To assist Montana in ending sexual violence, the state receives Rape Prevention Education (RPE) funds from the Centers for Disease Prevention and Control. The SVPVS program also receives funds from the Pregnancy Assistance Fund (PAF) from the Office of Adolescent Health (OAH) to provide services to mothers who were victims of violence. All these funds are distributed to subrecipients at the state, county, and local levels.

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How is Sexual Violence Prevented?

Sexual violence refers to sexual activity that occurs when consent is not obtained or freely given from both parties who are involved. It happens in every state but can be prevented through a variety of prevention measures that focus on increasing protective factors and decreasing risk factors. This can be done at the individual, relationship, community, and societal level.

Protective factors can eliminate risk in individuals, families and communities by increasing their health and well-being.

Examples of protective factors include:

  • Nonviolent problem-solving skills (individual)
  • Empathy (individual)
  • Connection to a caring adult (relationships)
  • Connection/commitment to school (relationships)
  • Teaching healthy masculinity (community)
  • Coordination of services among community (community)

Risk factors, on the other hand, can increase risk in individuals, families, and communities by decreasing their health and well-being.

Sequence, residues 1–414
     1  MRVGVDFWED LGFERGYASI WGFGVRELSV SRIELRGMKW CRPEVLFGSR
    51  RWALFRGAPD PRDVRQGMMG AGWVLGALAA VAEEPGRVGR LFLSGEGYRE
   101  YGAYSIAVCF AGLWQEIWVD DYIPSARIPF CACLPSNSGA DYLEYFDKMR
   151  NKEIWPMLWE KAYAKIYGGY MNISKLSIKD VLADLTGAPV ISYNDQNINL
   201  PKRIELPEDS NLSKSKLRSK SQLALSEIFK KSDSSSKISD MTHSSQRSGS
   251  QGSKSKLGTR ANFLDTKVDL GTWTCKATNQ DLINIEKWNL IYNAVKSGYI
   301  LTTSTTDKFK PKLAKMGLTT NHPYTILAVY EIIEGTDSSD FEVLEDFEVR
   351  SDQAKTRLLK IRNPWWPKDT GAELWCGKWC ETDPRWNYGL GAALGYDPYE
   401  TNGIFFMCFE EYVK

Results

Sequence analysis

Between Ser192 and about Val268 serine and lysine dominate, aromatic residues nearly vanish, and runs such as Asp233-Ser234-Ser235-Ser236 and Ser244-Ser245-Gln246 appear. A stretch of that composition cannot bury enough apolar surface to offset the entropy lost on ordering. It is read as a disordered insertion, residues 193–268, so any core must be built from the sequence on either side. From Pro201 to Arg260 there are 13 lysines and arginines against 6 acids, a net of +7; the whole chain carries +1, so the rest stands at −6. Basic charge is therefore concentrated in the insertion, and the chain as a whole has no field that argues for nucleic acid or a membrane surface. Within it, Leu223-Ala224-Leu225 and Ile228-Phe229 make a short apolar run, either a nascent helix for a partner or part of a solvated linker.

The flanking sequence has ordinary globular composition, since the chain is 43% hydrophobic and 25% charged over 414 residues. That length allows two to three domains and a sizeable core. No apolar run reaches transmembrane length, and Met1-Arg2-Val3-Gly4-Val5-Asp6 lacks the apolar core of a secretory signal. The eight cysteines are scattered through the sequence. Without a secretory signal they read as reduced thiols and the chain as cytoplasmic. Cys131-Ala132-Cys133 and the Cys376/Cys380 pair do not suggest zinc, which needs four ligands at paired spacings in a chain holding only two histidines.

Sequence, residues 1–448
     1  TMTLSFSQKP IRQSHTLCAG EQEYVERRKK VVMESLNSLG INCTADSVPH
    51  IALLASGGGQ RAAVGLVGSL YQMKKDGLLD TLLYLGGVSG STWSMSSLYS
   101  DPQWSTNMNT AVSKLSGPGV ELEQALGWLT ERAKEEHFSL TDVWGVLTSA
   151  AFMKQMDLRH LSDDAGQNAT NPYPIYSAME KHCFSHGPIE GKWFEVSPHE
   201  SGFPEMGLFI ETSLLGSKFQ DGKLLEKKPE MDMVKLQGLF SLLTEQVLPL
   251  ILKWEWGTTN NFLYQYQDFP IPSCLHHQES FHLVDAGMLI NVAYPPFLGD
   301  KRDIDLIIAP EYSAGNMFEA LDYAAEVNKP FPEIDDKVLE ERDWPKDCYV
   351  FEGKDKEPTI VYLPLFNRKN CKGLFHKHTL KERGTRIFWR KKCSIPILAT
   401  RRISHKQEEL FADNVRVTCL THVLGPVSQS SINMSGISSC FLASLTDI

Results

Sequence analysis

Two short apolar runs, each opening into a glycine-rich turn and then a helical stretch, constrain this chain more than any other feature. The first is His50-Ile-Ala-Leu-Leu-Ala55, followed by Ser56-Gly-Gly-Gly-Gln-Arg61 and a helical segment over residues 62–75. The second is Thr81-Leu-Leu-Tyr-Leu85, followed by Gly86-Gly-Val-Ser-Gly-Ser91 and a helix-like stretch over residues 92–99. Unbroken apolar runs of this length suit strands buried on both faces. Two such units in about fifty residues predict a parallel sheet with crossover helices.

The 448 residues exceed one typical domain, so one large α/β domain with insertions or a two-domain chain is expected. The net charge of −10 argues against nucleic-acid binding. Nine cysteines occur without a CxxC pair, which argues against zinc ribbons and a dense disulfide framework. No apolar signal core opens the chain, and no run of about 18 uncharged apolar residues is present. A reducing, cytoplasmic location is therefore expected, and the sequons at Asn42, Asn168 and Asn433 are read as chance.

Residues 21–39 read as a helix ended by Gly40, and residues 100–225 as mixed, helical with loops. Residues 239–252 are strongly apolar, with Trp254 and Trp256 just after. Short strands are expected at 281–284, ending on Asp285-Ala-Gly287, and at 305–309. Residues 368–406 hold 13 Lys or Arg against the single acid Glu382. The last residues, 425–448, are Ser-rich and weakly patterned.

Examples of risk factors include:

  • Violent problem-solving skills (individual)
  • Empathetic deficits (individual)
  • No connection to a caring adult (relationships)
  • Association with sexually aggressive, hypermasculine, or delinquent peers (relationships)
  • Societal norms that support sexual violence (community)
  • Cultural norms that support aggression (community)
  • Societal norms that support male superiority and sexual entitlement; maintain women’s inferiority and sexual submissiveness (community)  

Defining Sexual Violence

Sexual violence is a sex act—completed or attempted—against a victim's will or when a victim is unable to consent due to age, illness, disability, or the influence of alcohol or other drugs. It may involve actual or threatened physical force, use of guns or other weapons, coercion, intimidation or pressure. Sexual violence also includes intentional touching of the genitals, anus, groin, or breast against a victim's will or when a victim is unable to consent.